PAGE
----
Research for the Royal Irish Academy’s ongoing Dictionary of Irish Biography often uncovers significant forgotten figures, writes Patrick Maume
Geraldine Penrose Fitzgerald – novelist, suffragist and Catholic convert who corresponded with the elderly John Henry Newman – is a forgotten person. (His surviving letters to her have been published; some of hers to him survive at the Birmingham Oratory.)
The brash and witty Penrose Fitzgerald came from a landlord family based at Corkbegg House near Cobh, on the site now occupied by Whitegate Oil Refinery. Her ancestors were 18th-Century Cork city Quaker merchants who acquired landed estates by purchase and marriage, moving to the Church of Ireland.
The local gentry socialised through yachting on Cork Harbour as gentry elsewhere did through foxhunting; their elegant sea-front demesnes contrasted with the inland hill farms which became a major battleground in the Land War.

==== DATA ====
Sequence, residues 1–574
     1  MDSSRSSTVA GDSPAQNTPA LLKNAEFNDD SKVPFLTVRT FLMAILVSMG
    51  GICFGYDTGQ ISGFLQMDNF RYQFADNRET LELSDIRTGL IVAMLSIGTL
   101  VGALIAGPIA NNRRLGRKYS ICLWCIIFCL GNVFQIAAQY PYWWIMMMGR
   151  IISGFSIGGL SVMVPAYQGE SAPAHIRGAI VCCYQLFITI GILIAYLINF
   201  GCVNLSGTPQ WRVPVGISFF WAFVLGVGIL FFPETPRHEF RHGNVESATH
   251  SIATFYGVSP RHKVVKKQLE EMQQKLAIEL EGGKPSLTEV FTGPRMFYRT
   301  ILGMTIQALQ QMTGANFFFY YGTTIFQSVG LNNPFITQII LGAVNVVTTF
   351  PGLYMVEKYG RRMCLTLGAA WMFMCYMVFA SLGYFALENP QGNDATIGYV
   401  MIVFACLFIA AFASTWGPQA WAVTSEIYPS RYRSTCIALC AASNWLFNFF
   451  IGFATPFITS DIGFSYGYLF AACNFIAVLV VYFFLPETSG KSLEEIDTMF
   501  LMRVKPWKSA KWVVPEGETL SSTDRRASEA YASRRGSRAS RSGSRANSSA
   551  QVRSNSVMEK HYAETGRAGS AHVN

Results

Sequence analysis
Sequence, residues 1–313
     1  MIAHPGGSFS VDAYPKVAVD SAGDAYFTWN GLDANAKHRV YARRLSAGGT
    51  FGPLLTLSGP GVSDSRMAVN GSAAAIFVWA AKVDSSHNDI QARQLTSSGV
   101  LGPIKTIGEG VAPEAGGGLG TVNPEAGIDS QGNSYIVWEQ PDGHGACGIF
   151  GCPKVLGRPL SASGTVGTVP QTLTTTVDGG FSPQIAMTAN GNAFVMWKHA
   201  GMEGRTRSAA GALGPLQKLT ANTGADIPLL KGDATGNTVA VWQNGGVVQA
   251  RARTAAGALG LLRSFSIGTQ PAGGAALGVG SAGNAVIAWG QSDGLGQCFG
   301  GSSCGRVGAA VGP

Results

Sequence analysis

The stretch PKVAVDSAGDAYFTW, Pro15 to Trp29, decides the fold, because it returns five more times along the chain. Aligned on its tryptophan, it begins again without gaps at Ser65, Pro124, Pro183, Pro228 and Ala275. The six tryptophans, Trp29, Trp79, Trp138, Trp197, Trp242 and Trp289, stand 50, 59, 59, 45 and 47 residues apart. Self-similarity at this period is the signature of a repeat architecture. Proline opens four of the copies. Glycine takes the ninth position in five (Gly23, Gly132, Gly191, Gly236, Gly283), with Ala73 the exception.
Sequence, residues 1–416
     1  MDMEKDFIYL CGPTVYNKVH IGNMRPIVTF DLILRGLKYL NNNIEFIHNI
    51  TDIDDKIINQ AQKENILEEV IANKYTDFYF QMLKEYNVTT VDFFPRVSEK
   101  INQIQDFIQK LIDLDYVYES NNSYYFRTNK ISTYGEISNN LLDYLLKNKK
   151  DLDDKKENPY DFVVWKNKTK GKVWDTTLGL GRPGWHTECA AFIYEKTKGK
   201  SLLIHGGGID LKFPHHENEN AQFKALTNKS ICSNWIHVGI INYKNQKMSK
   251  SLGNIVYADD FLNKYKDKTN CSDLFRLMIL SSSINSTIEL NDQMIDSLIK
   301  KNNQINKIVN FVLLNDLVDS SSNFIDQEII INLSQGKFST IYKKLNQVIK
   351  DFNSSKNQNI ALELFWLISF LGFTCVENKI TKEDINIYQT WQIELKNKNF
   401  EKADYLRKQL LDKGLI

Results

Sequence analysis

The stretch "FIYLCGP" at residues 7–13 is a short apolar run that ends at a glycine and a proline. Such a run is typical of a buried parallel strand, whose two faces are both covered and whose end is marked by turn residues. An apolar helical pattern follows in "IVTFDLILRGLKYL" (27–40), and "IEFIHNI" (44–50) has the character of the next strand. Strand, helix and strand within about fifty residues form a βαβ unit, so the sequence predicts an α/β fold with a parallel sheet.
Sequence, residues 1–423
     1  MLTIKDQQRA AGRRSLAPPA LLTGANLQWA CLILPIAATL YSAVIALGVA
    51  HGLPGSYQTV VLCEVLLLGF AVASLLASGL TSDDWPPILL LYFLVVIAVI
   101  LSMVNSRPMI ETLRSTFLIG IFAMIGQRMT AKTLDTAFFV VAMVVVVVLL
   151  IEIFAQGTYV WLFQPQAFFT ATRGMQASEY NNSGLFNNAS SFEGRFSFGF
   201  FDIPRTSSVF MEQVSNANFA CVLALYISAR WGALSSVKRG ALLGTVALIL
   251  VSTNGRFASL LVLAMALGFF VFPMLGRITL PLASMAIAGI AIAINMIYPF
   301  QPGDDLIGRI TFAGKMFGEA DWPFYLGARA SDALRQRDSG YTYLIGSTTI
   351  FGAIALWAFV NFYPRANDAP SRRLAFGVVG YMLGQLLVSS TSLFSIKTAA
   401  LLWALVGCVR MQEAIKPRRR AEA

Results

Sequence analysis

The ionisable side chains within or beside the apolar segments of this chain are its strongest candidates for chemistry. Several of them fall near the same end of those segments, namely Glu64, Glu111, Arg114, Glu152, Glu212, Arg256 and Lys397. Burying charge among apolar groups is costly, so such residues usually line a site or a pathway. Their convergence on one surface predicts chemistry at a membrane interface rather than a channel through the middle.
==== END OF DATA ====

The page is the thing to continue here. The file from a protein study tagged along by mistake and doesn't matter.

Her novels’ boisterous descriptions of gentry daughters joining local women at harvest (including brief exchanges in Irish) and the stresses of yachting and swimming are mildly reminiscent of the physicality of Somerville and Ross.
One of her brothers, an admiral, originated the World War I practice of women presenting men in civilian clothes with white feathers as a mark of cowardice. Her two other brothers (a landlord/Conservative MP and a land agent) became prominent opponents of Parnell and the Land League.